An environmental group from Fiji and a New Zealand high school are the winners of the Space for Planet Earth Challenge.
Yadrava na Vanua (Environment Watch) from Suva, Fiji, was awarded the Grand Prize today, while Newlands College, Wellington, won the Grand Prize at the High School level.
Yadrava na Vanua’s project focused on integrating satellite data on land cover types across Fiji with groun
d truth measurements, and refining carbon sequestration data. The team used machine learning analysis of high-resolution satellite images from Planet to generate international standard levels of measurements, reporting, and verification of carbon stocks.
‘Not Basic,’ the entry from Newlands College, used machine learning analysis of satellite data to predict the conditions leading to coral bleaching as detected within the Allen Coral Atlas.
Six teams from New Zealand, Australia and Fiji competed in demonstration sessions in front of a panel of judges, and made then pitch presentations to an online audience.
The winners will receive cash prizes of $30,000 and $10,000 each, satellite data from Planet and mentorship from SpaceBase.
Additionally the High School team will receive scholarships from the US-based MMAARS Academy to attend its Level 1 Virtual Mars Programme.
“The presentations that I’ve seen were so amazing … and I was blown away by the ideas and the ability that they’ve shown… Planet is so proud to be part of this competition,” said Dr Tanya Harrison, Director of Strategic Innovation for Planet and a finals judge for the competition.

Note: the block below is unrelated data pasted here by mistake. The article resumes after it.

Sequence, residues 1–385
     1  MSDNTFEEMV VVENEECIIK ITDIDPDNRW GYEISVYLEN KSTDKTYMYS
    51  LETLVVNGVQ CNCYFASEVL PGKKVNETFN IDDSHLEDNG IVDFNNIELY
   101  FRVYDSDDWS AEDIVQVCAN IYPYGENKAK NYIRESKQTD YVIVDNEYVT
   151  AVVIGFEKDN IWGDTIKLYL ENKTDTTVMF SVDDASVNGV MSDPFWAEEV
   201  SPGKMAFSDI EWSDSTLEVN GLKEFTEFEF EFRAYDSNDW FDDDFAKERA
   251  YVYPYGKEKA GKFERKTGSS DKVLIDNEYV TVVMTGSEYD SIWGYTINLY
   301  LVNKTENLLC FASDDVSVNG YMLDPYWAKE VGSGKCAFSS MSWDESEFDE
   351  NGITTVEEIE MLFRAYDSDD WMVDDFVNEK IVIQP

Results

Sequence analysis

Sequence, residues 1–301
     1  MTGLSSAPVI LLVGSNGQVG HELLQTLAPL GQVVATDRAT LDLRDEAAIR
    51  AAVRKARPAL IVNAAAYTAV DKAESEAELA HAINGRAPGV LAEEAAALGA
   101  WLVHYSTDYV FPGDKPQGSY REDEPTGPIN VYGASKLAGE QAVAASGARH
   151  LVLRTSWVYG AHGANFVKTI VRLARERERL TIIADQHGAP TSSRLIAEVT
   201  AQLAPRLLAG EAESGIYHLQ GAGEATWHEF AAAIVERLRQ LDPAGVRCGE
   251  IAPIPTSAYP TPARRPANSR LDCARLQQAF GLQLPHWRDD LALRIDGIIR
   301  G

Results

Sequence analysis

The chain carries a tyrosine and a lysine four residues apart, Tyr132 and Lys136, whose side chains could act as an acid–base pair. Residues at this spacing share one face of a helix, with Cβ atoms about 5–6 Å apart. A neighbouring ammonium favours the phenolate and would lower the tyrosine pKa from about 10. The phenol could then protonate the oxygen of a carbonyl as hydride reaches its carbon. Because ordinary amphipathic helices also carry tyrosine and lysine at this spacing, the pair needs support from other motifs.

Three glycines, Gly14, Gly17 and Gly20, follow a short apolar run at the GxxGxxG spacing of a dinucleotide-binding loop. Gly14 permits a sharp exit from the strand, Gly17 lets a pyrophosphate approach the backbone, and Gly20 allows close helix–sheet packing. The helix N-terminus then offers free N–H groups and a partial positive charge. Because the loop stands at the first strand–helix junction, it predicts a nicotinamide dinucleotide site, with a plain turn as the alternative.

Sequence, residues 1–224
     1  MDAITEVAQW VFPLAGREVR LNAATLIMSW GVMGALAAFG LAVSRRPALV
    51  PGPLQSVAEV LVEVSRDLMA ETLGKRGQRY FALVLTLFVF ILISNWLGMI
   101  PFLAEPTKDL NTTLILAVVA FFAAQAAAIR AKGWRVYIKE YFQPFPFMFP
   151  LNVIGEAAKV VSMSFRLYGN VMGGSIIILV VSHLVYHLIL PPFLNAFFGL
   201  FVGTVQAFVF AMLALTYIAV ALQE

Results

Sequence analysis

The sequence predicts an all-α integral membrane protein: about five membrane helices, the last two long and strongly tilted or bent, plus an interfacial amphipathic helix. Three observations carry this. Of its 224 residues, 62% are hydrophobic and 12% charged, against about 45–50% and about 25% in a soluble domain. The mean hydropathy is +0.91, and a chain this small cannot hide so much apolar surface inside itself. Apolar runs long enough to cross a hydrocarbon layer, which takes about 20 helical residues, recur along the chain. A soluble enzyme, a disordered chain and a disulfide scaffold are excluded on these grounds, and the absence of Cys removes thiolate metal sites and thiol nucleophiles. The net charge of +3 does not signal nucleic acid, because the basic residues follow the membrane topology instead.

The winners were selected by judges from Planet, the US Embassy to New Zealand, Pacific GIS and Remote Sensing Council, Rocket Lab, Callaghan Innovation, ChristchurchNZ, Callaghan Innovation and Consegna.cloud.
The awards were presented by the NZ Space Agency and the US Embassy.
“I’ve been extremely impressed with the sophistication of the solutions that have been developed, by the approach of looking for different data sources to incorporate into those solutions, to reaching out to other organisations, establishing partnerships to make this more effective, and the quality of the presentations,” said Dimitri Geidelberg, Principal Advisor to the NZ Space Agency.
The Challenge was the brainchild of SpaceBase founders who leverage incentive prizes and space technologies to catalyse innovation while solving tough problems in the region.
“Already, we see the Challenge as pushing the teams to accelerate their research and create opportunities they may not otherwise have been able to realise,” said Emeline Paat-Dahlstrom, CEO of SpaceBase.
“We think this is only the beginning for these climate change focused innovations, and we hope to continue to support these teams in their progress over the coming months and years.”
The Challenge was made possible through a partnership between SpaceBase Limited and Planet. Sponsors include the US Embassy in New Zealand, K1W1, NZ Space Agency, ChristchurchNZ, Consegna.cloud, Clare Foundation, Greenlight Ventures, Namaste Foundation, Engineering Dreams, MMAARS Academy and Christchurch City Council.
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